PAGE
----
Michael Brune: BP Oil Disaster Was Not an Accident, It Was a Crime
April 20, 2010 should be, to borrow a phrase from Franklin Roosevelt, "a date that will live in infamy." Today is the anniversary of the worst environmental disaster in U.S. history: the explosion of Deepwater Horizon and subsequent oil catastrophe in the Gulf of Mexico. I don't like to call it a spill, because spills are accidents. What happened that day was not an accident; it was a crime.
BP, the giant oil company most responsible for the disaster, pleaded guilty in 2012 to 11 felony counts related to the deaths of 11 workers. Last year, U.S. District Judge Carl Barbier ruled that "BP committed a series of negligent acts or omissions that ... together amount to gross negligence and willful misconduct under the Clean Water Act." (The operator of the Deepwater rig and contractors like Halliburton also share some of the blame, although they were found "negligent" rather than "grossly negligent.")
BP, meanwhile, attempted to minimize its financial liability by, for instance, claiming that "only" 2.5 million barrels worth of oil (more than a hundred million gallons) were dumped in the Gulf. (The amount of the fine BP must pay under the Clean Water Act is based on the number of barrels discharged. The actual number was north of 4 million barrels).
No matter how many billions BP ends up paying out, of course, it can never undo all the damages caused by its crime. It can, however, pretend they didn't happen. The company launched a PR campaign claiming that the Gulf has rebounded. Reality, of course, begs to differ. Ten million gallons of oil remain on the seafloor. Multiple studies have found that the harm to fish and wildlife was not only horrific five years ago (800,000 birds; between 20,000 and 60,000 sea turtles), but is ongoing. Concentrations of toxic chemicals in Gulf marshes may persist for decades.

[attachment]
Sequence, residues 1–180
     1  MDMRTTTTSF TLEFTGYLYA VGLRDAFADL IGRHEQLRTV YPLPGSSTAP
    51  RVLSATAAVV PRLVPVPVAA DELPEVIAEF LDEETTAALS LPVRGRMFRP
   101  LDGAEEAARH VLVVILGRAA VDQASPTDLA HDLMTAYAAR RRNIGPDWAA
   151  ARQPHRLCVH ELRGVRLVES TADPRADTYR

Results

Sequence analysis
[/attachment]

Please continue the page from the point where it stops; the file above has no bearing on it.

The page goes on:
No wonder people question why BP is spending money to soft pedal the consequences of its crime, when it could be using those dollars toward actual restitution.
Five years on, though, what lessons have been learned? Don't trust oil companies to act responsibly? That seems to be the main takeaway for the Obama administration. Last week it announced tighter regulations for offshore oil rigs that it claims should help prevent oil-well blowouts. Those tighter regulations are directly based on what happened in the Gulf in 2010. Does that mean future disasters don't happen? Of course not.
Yet the administration has also announced that it will allow oil and gas drilling off the coast of Virginia, the Carolinas and Georgia for the first time since the 1980s, as well as three areas for leasing in Alaska, including the Beaufort and Chukchi Sea, where the administration estimates that there is a 75 percent chance of one or more spills. Astounding. Back east, the administration was getting ready to announce oil and gas leases for the Atlantic coast five years ago, along with the usual platitudes about "drilling responsibly" and "minimizing risk." Then Deepwater Horizon happened.
The bottom line is that we don't need the oil that can be found off our Atlantic Coast, no matter what those state governors might tell you. And even if you manage to reduce the risks, and even if no oil company ever again acts with gross negligence for the sake of profits (a bet I wouldn't recommend taking), the consequences of drilling in sensitive marine environments are just too great.
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By Katherine Kornei
Clear-cutting a forest is relatively easy—just pick a tree and start chopping. But there are benefits to more sophisticated forest management. One technique—which involves repeatedly harvesting smaller trees every 30 or so years but leaving an upper story of larger trees for longer periods (60, 90, or 120 years)—ensures a steady supply of both firewood and construction timber.
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